Red Horse by M.J. Logue [Period Fiction]

cover of Red Horse by M.J. Logue

Red Horse (An Uncivil War #1)Red Horse by M.J. Logue

My rating: 5 of 5 stars

Red Horse is set at the beginning of the First English Civil War in 1642. The primary characters are Captain Hollie Babbitt and his young Cornet Luce Pettitt. Babbitt is a grizzled and damaged English mercenary back from the continent to fight for Parliament. Pettitt fights from conviction and conscience, he is a distant relation to the Earl of Essex. This sets us up nicely for a tale from a cavalry viewpoint with the odd glimpse of higher command.

There are a troop of supporting characters as well. For the most part they simply give enough context for the main characters not to be in isolation. Both main characters are flawed, and this makes their character development engaging. Luce starts off naive and relatively innocent. I could identify my long departed 20-year-old self with him (although I didn’t write poetry back then, nor did I have Luce’s prudishness).

battle of edgehill
battle of Edgehill as featured in Red Horse (Photo credit: Wikipedia)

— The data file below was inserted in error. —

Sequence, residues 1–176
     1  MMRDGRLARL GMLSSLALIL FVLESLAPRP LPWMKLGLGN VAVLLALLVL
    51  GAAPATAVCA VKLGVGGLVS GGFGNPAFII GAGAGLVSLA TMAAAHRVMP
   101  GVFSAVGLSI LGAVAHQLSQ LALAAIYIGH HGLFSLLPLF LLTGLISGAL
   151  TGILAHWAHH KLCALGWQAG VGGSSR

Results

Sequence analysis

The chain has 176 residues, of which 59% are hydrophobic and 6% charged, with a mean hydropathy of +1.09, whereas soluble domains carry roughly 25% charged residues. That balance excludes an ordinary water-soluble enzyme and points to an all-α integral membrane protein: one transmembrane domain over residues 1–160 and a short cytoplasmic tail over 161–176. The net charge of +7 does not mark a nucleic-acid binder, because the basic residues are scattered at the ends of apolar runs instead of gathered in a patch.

Babbitt is suffering from mild PTSD, he has flashbacks and mood swings. After the battle of Edgehill he loses touch with reality and gets suicidal. Fortunately for him people are looking out for him.

As well as the characters being real and engaging there is a really good level of historical accuracy in here. The author clearly knows the period that she is writing about. I’ve spent a couple of decades reading about and re enacting the ECW. There were only a couple of minor points I noticed, and both made Red Horse more readable for people not steeped in the history.

The full richness of the period is shown in Red Horse. With Parliamentarians you get the different levels of motivation. There are religious dissenters, raving preachers and quiet Grindletonians. There are also well off types that fight for liberty, their liberty and not really that of the common man. On top of that there are the British mercenaries that have learnt their trade in Europe and come home for pay.

It’s not all military either. Befitting the nature of the civil wars there are interludes where we see the impact on civilians. In fact the military bits are only because of the wider context, Red Horse is more social in nature and how the protagonists deal with both the war and their lives.

Overall I loved Red Horse. I paid for it myself and as soon as I finished it I paid for the sequel, Command the Raven.

I think you should read it too.

Get Red Horse: 1642 (Uncivil wars #1) from Amazon UK

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Living History Symposium